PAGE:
Roughly size the template material, making it large enough that clamps can be applied where they won't interfere with the router's movement around the template window. The Cutting List specifics that this template be 12 X 16 inches.

4. Lay out the window on the template stock.

The guide window is the opening into which the guide bushing fits. With the bushing trapped in that window, the router's movement is limited. In essence, it can move from one end of the window to the other, from one side to the other, because the bit is inside the bushing, its range of movement, too. is limited.

The task now is to design and lay out the slot necessary to produce the desired mortise. To start, note the width and length of the desired mortise (in this instance, a 1 '/»inch-wide. 2V»-inch-long one). You've already chosen a inch-diameter straight bit and a '/«-inch-O.D. guide-bushing. Compute the offset, which is determined by subtracting the bit diameter from the bushing diameter and dividing by 2. In this case, the offset is '/i inch.

Here's how to translate the dimensions of the desired mortise into the dimensions for the necessary template slot. Add twice the offset to the mortise length, as shown in the drawing Template-Mortising Schematic. Tints, the

Routing the template window is a straightforward operation. The ¡/4-inch-thick template material is clamped to scrap. The window's length is controlled by the stops clamped to the template material. The router's edge guide positions the window.

template slot must be \ % inches wide and 3'/» inches long.

Follow the drawing Generic Mortising Template iMyxmt. Scribe the centerlinc of the slot, then add a! crosshair at the midpoint. Because these lines will be used again and again to position the completed template oa workpicccs, the lines should be drawn with a pen or fine line marker. Then lay out the window from these lines, (lf| you have trouble seeing your layout lines on hardboard—ij always do—try applying strips of masking tape to the hanJ-j board.T hen pencil the layout lines on the tape. When von: rout, just rout through the tape.)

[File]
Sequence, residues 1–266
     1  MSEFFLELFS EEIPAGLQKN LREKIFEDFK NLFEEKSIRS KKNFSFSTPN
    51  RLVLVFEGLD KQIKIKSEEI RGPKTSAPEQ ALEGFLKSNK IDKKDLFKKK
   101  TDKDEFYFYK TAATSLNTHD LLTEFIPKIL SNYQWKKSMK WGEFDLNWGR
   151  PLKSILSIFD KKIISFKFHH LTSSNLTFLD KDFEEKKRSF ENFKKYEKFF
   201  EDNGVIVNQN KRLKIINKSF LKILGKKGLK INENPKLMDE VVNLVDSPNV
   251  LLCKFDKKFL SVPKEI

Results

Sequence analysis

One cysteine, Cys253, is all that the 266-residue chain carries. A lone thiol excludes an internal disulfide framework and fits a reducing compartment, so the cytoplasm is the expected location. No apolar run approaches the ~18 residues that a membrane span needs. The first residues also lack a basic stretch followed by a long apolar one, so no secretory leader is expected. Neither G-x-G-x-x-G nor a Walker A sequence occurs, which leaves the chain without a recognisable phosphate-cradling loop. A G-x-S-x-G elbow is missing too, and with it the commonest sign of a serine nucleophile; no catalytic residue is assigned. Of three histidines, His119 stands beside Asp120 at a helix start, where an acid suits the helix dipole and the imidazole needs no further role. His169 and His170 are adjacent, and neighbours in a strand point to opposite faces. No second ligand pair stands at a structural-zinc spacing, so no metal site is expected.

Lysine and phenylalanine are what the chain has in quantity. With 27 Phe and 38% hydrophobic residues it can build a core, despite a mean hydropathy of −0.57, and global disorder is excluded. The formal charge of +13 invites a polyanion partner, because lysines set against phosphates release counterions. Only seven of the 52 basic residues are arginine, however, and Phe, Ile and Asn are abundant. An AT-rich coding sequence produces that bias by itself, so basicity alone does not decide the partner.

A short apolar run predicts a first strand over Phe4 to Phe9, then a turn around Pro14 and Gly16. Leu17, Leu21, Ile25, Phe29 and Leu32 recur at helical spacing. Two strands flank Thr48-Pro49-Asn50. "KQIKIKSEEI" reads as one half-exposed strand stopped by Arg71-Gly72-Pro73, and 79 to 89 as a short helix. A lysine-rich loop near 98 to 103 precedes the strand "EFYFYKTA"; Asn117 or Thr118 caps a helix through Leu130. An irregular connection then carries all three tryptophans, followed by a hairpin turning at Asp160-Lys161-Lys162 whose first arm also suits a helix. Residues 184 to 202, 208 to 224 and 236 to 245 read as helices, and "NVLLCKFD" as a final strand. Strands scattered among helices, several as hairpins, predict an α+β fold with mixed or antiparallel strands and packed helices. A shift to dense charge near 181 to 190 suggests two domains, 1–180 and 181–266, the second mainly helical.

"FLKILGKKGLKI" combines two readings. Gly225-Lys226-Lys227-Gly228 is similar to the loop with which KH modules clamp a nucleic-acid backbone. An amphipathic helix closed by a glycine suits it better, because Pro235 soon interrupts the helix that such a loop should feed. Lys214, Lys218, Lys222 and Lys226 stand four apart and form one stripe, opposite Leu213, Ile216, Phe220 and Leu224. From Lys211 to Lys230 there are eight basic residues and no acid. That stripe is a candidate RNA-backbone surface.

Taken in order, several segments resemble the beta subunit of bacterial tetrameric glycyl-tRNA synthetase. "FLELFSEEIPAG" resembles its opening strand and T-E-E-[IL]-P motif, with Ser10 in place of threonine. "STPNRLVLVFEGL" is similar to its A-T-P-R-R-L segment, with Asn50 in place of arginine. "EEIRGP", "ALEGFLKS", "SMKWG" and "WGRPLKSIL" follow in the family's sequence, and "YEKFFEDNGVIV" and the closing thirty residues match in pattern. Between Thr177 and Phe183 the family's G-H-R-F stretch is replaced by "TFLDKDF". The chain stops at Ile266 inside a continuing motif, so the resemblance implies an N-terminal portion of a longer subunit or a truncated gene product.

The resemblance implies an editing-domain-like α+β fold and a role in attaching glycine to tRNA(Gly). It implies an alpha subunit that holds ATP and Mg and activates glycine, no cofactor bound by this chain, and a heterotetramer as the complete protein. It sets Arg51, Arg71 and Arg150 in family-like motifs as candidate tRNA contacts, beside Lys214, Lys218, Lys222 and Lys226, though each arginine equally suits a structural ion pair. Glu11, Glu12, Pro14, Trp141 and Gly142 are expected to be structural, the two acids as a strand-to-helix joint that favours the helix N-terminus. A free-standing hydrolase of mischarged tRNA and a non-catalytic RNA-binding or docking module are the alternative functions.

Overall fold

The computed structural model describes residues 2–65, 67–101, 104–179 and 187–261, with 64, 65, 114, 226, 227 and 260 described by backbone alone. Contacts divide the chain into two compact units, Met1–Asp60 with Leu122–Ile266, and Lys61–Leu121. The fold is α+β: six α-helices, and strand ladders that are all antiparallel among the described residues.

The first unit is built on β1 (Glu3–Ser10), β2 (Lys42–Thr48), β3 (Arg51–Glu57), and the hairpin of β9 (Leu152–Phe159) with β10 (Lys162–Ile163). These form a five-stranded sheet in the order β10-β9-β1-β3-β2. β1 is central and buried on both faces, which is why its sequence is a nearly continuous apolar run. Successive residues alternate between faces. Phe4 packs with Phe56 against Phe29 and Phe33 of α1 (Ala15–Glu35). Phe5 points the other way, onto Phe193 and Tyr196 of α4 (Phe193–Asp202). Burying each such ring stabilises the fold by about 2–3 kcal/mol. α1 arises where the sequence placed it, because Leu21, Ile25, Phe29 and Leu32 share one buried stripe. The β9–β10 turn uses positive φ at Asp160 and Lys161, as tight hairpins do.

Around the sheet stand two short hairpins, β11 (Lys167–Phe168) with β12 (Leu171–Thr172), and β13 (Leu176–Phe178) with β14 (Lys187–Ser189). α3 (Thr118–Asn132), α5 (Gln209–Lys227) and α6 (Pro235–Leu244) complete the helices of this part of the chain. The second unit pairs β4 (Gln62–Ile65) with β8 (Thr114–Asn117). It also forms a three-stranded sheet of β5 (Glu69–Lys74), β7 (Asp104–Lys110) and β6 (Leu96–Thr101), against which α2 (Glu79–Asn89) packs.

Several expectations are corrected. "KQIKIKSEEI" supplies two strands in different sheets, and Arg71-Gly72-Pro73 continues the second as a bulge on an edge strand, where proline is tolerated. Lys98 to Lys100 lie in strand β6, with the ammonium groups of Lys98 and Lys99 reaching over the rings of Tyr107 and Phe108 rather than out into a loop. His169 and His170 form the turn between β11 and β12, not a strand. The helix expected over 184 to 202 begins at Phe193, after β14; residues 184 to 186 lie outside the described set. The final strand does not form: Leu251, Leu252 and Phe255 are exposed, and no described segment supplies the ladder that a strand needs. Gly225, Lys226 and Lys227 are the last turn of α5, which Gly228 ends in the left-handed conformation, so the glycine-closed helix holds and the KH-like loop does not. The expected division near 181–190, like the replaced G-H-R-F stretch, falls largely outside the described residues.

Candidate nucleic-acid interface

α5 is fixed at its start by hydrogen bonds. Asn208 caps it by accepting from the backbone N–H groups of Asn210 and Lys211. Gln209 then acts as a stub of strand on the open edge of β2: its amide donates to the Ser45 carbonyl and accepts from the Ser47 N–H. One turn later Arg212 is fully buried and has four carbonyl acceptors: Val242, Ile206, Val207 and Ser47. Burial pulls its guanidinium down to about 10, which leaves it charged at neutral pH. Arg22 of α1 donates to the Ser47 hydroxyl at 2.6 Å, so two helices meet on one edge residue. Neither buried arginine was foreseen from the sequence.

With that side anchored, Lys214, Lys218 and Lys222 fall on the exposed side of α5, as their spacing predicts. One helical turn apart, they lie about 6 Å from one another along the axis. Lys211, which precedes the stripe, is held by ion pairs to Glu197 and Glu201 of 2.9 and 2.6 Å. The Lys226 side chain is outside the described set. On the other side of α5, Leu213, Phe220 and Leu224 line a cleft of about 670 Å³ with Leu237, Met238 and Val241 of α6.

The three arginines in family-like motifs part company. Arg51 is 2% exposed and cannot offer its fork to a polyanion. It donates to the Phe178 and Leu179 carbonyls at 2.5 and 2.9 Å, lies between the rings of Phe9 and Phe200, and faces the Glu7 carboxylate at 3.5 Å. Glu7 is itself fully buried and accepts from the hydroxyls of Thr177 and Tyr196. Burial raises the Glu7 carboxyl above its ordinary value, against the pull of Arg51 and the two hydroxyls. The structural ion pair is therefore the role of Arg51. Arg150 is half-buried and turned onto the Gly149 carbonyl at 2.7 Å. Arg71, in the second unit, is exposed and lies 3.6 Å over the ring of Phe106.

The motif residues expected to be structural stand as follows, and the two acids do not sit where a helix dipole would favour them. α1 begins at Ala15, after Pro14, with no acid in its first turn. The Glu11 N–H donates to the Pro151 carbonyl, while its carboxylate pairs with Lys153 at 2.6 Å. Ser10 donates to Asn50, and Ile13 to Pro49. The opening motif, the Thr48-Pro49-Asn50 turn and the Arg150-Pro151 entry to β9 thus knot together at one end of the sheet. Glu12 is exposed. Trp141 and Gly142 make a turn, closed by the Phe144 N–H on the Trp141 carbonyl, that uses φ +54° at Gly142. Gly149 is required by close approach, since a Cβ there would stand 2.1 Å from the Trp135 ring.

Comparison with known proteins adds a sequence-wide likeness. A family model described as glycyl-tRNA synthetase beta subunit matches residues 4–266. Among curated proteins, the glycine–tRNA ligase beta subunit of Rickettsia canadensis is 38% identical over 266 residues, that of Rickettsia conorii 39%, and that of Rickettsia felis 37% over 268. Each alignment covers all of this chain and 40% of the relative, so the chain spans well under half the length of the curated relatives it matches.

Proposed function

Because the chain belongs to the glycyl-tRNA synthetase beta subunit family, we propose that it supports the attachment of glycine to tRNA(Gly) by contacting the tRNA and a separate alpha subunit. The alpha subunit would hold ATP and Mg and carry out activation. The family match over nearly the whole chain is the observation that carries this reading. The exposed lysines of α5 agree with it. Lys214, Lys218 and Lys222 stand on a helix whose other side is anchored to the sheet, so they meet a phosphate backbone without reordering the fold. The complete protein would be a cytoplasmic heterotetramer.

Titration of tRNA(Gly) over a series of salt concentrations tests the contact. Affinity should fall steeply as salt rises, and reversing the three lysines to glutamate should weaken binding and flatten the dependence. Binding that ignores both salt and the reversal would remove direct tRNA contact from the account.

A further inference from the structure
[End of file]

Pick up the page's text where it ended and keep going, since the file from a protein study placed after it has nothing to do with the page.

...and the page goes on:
5. Rout the window in the template stock. A:

very easy and accurate way to cut the guide window iij with a plunge router equipped with an edge guide.You do have to reset the edge guide to gel all the waste, but both! long edges of the window will be parallel, because botharc| referenced from the same edge of the template.

To begin, dog or clamp a piece of scrap of the wotfc bench, then clamp the template to it. Arrange the template so the edge you will reference with the router's edge guide projects beyond the scrap's edge. You want to refer-1 ence the template edge exclusively with the edge guide. (You could also screw the template to the scrap; two or| three holes in it won't interfere with the use of the! template.)

Tighten a straight bit in the router's collet. Set the! plunge depth to just a skosh more than the template t ness. Install the edge guide, and adjust it so the bit will one edge of the window, just leaving the layout lin^ Before routing, set up a pair of stop blocks to prevent \ from overshooting either end of the slot.

With the blocks set, rout the first slot. Set the on the template, switch it on, plunge the bit. and routfi stop to stop. Reset the edge guide, then make a se pass, widening the window. Repeat the process until tbt] window is completed.

Workpie Offset

Mortise length


1. Set up the router. Stan by fitting a %-inch guide bushing into die bit opening in the router baseplate. Next, tighten a '/»-inch straight bit in the collet. A spiral

Three templates in one makes for easy storage. On the 12 X I 5-inch piece of '/^-inch plywood (resting on the bench) are the patterns for all the template-guided cuts made in constructing this five-board bench.

The completed mortise is clear* and accurately sized and positioned.

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Woodworking Tools and Installation Tips

Woodworking Tools and Installation Tips

There are a lot of things that either needs to be repaired, or put together when youre a homeowner. If youre a new homeowner, and have just gotten out of apartment style living, you might want to take this list with you to the hardware store. From remolding jobs to putting together furniture you can use these 5 power tools to get your stuff together. Dont forget too that youll need a few extra tools for other jobs around the house.